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Private: China says ‘it is only polite to reciprocate’ to US tariffs
Business, Featured

China says ‘it is only polite to reciprocate’ to US tariffs

Containers are stacked at a port on March 1, 2016 in Lianyungang, Jiangsu Province of China
China Foto Press | Getty Images

Containers are stacked at a port on March 1, 2016 in Lianyungang, Jiangsu Province of China

China on Tuesday condemned the U.S. announcement of tariffs on $50 billion worth of Chinese imports and said it would “take corresponding measures of equal scale and strength against U.S. products.”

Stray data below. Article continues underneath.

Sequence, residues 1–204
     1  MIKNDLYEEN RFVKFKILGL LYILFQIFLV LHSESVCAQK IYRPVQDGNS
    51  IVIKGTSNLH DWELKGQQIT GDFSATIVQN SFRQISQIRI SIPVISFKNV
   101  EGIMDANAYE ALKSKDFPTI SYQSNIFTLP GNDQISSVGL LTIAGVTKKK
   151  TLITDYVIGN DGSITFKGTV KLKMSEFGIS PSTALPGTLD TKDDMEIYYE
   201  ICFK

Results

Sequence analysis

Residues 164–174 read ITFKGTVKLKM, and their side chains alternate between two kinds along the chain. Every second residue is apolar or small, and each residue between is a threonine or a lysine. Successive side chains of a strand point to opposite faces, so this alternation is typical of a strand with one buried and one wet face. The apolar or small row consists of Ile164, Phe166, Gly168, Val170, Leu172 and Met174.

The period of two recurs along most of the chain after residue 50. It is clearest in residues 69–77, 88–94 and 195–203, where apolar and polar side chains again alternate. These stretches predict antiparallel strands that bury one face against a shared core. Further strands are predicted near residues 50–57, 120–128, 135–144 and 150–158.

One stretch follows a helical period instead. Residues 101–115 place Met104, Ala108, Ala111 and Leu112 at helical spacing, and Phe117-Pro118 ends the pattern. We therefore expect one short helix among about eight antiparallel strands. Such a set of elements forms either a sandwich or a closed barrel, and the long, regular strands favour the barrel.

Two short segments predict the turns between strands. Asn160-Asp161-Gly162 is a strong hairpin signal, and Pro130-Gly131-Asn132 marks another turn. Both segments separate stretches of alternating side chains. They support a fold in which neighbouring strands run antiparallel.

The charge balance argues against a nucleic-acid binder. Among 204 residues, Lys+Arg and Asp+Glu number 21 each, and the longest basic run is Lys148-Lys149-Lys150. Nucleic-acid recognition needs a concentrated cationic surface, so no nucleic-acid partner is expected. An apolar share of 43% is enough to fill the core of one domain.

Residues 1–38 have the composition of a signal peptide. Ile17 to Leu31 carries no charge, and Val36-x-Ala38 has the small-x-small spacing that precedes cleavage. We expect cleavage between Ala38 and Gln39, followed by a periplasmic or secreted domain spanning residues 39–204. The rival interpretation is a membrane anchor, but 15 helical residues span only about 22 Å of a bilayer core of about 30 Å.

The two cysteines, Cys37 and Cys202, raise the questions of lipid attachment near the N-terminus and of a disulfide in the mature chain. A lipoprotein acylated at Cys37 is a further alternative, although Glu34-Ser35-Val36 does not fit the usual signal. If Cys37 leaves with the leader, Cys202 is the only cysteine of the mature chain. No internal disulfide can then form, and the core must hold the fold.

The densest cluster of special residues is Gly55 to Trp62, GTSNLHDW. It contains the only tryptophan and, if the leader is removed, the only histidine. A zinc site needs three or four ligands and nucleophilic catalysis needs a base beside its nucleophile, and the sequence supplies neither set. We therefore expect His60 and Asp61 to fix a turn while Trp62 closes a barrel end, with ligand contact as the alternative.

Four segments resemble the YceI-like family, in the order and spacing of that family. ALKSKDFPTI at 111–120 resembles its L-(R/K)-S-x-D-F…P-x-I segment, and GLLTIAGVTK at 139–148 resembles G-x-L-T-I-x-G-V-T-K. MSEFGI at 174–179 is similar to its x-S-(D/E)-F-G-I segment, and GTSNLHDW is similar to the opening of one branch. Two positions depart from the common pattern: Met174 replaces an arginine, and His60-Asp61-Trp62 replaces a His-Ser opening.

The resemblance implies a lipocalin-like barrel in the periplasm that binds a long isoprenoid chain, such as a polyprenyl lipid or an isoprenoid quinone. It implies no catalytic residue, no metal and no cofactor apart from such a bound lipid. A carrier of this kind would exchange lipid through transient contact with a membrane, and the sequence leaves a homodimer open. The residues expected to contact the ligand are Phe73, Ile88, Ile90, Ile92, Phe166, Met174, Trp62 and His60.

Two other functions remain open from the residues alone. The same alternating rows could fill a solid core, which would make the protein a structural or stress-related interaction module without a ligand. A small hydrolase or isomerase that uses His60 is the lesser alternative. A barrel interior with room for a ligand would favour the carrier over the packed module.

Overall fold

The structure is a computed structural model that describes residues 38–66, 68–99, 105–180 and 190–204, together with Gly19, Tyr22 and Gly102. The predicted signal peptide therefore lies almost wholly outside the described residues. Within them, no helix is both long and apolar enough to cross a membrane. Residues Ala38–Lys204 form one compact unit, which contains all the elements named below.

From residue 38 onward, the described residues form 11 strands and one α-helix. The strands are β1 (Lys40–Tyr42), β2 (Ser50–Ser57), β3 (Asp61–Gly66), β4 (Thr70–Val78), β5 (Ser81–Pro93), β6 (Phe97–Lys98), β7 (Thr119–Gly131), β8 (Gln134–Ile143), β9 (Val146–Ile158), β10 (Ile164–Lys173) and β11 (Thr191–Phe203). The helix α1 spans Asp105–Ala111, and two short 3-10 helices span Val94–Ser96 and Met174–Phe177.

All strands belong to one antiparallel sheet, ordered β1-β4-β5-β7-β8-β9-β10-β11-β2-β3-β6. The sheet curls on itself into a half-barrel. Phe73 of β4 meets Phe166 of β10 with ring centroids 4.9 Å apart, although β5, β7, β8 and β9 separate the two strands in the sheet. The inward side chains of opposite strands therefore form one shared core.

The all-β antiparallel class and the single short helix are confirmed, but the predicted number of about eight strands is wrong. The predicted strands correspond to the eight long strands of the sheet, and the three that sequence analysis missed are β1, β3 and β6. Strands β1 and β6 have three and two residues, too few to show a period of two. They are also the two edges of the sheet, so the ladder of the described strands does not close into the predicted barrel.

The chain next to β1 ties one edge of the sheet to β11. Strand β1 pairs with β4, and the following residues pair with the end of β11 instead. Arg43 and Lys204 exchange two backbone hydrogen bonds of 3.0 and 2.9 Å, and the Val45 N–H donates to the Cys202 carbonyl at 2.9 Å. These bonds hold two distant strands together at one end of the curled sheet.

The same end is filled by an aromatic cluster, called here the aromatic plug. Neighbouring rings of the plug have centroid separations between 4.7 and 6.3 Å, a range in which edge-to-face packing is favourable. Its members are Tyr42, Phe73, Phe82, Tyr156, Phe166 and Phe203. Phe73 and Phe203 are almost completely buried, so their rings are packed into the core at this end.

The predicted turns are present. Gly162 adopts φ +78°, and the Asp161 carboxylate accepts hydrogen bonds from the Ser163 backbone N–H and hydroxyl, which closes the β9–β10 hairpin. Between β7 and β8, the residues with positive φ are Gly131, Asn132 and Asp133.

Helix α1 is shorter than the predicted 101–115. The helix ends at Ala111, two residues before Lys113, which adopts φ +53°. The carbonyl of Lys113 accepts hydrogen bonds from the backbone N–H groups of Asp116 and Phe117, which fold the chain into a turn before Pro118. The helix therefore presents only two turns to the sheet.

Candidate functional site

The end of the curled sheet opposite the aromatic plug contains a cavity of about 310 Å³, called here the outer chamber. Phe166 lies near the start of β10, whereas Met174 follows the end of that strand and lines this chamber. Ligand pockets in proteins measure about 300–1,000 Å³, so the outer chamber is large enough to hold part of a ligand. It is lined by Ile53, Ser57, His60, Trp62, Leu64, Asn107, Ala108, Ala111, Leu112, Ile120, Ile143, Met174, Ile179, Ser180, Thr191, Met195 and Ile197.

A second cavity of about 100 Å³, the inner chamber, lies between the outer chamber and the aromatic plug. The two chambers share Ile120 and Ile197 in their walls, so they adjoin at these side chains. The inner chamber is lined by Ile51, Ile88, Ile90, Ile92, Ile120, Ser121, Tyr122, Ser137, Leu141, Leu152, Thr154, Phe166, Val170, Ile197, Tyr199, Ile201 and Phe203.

“The Chinese side strongly condemns and firmly opposes the unfounded Section 301 investigation and the proposed list of products and tariff increases based on the investigation,” a Chinese embassy statement said.

“As the Chinese saying goes, it is only polite to reciprocate. The Chinese side will resort to the WTO dispute settlement mechanism and take corresponding measures of equal scale and strength against U.S. products in accordance with Chinese law.”

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Walmart in talks to buy insurer Humana: report
Business, Featured

Walmart in talks to buy insurer Humana

New York (AFP) – US retail behemoth Walmart is in preliminary talks to acquire health insurer Humana, the Wall Street Journal reported, the latest in the recent wave of health care mergers.

The terms of the possible deal were not clear and there is no guarantee an agreement would be reached, the newspaper reported late Thursday.